What's Remission in RA?

(2015) The patient perspective on absence of disease activity in rheumatoid arthritis: A survey to identify key domains of patient perceived remission. In:

You would have thought that this was settled from the start, that the patient’s therapeutic goal is naturally the physician’s treatment target. But, no.

The rheumatologist’s treatment target is sustained complete remission (CR), and if this is not achievable, then longterm low disease activity (LDA). This mantra is based on numerous high quality studies showing that amelioration of inflammation prevents joint damage and reduces cardiovascular risk, thereby forestalling eventual physical disability and premature mortality.

Patients just want to be happy; that means to be cured: drug-free remission. If this is not possible, then they’ll settle for the consolation prizes of complete symptom relief (pain, stiffness, fatigue) and full restoration of function (mobility, independence, work); with medicines that won’t kill them or cost an arm and a leg.

The next time rheumatologists start pontificating about the strategies and drugs for treating-to-target, it is not rude but pertinent to ask, “Whose target are we talking about?” Afterall, it’s the patients’ disease to live with, their complications to bear, their side-effects to suffer, and their costs to pay. Surely their perspective on disease activity and treatment should matter the most.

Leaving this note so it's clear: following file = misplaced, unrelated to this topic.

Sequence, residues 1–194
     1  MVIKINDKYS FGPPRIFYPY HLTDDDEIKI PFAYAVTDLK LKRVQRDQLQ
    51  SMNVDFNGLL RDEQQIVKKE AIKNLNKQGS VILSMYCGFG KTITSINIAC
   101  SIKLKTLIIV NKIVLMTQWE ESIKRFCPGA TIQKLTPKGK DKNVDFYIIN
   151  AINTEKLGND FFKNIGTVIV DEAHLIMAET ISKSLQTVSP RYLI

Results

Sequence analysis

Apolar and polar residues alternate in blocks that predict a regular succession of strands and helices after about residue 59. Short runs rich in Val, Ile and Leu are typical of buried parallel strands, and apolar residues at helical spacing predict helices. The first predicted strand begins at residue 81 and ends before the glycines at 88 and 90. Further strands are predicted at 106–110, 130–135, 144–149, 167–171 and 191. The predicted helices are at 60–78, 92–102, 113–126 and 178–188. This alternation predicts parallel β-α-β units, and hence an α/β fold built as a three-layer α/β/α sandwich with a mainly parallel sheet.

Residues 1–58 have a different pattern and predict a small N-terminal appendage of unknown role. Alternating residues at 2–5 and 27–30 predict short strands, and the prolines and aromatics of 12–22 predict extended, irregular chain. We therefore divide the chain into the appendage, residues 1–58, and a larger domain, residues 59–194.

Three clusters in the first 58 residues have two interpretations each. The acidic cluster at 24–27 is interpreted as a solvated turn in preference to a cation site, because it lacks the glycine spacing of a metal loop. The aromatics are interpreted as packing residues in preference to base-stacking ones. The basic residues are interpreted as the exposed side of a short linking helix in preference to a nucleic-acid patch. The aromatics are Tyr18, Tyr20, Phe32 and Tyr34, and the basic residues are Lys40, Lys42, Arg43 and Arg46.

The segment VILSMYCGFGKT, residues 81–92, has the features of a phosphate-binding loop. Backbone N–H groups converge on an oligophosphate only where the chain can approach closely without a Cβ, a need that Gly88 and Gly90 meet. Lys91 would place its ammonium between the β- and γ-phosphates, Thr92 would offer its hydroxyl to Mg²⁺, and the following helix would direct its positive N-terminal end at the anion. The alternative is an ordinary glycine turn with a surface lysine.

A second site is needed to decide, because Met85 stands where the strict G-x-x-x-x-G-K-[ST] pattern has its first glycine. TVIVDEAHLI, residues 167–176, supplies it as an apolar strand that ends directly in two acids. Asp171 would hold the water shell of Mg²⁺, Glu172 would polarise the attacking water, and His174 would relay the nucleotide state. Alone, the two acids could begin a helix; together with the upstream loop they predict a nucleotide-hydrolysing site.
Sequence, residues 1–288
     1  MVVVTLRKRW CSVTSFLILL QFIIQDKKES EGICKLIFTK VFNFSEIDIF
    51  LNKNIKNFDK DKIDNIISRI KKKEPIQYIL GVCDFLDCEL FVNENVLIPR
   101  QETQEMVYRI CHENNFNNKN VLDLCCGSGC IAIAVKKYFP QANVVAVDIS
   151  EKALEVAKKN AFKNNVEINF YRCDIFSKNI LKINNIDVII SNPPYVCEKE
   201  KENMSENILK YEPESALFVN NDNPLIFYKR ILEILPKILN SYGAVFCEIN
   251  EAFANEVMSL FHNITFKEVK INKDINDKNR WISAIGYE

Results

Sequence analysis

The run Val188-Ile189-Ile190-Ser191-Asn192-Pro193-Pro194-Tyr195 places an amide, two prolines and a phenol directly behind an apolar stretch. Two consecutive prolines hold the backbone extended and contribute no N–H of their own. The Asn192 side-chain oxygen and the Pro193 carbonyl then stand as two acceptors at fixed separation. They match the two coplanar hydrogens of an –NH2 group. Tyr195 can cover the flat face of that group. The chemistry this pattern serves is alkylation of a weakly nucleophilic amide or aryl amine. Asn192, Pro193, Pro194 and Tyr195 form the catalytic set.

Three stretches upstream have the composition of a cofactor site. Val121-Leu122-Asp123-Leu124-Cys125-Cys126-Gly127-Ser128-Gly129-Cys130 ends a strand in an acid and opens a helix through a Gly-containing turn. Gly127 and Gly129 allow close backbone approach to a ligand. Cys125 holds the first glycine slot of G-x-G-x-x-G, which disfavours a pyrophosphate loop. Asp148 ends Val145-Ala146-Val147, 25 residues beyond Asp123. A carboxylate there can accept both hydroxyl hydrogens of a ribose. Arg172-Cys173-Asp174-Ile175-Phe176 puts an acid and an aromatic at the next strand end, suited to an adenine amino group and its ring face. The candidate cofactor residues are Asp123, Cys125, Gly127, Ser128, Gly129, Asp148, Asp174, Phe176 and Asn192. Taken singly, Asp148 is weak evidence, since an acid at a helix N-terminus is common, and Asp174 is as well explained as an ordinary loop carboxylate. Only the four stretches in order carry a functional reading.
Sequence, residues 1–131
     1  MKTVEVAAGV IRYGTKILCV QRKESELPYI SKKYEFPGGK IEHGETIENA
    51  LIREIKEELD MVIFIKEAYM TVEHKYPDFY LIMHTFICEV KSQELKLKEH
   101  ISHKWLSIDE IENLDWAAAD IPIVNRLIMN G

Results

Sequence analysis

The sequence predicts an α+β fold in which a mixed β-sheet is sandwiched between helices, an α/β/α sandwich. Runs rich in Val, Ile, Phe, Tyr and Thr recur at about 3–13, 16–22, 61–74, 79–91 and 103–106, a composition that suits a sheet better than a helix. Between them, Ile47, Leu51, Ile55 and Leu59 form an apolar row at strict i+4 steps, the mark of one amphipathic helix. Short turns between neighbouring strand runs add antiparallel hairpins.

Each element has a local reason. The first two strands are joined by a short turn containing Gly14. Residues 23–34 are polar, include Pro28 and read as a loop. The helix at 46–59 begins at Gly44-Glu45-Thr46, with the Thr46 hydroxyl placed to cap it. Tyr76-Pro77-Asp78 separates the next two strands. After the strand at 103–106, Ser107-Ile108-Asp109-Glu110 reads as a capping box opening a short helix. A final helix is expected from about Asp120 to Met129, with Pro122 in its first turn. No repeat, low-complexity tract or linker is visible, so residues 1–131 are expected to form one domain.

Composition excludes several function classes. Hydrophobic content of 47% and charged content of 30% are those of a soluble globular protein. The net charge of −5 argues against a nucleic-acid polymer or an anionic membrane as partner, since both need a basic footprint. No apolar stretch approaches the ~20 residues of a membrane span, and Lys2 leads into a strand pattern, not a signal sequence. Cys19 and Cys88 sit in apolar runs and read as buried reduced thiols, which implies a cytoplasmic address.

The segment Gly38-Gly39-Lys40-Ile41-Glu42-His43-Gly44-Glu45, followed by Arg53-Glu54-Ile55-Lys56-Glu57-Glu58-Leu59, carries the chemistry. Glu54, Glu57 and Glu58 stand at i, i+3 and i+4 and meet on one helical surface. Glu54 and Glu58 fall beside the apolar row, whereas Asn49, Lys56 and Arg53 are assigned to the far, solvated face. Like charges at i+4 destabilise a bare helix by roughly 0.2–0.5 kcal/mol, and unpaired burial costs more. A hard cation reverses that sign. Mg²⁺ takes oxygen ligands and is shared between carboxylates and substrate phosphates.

Comparison of clinical, patient-reported outcomes shows variability in RA treatment response

Among methotrexate-naïve patients or those who had few previous doses of the treatment, investigators…

Currently used clinical outcome measures underestimate patient reported outcomes:

“The deeper the response, as measured by CDAI and SDAI, the more likely the patient is to improve their physical function as measured by the HAQ-DI”

Tight control of disease activity fails to improve body composition or physical function in rheumatoid arthritis patients


Muscle vs Fat Mass and Physical Functioning in RA

Estimates of appendicular lean mass that are adjusted for adiposity demonstrate stronger positive…

So, this is what it comes down to: patients want their lives back, but rheumatologists are focused on damage control. 

However, inflammation suppression adequate to prevent clinically relevant damage progression is apparently inadequate to restore full function and the former quality of life.  If this is the patient’s expressed goal, then we need to dig deeper, to achieve deeper remission.  We may also need to harness regenerative medicine and reconstructive surgery to restore what is irretrievably damaged.

We have the tools (biologics, small molecules) to dig deeper. This is where imaging (ultrasound and MRI) can guide us on how deep we need to dig. This puts paid to doubts on the role of ultrasound in guiding a treat-to-remission-target strategy.

Start with the end in mind: Define your REMISSION.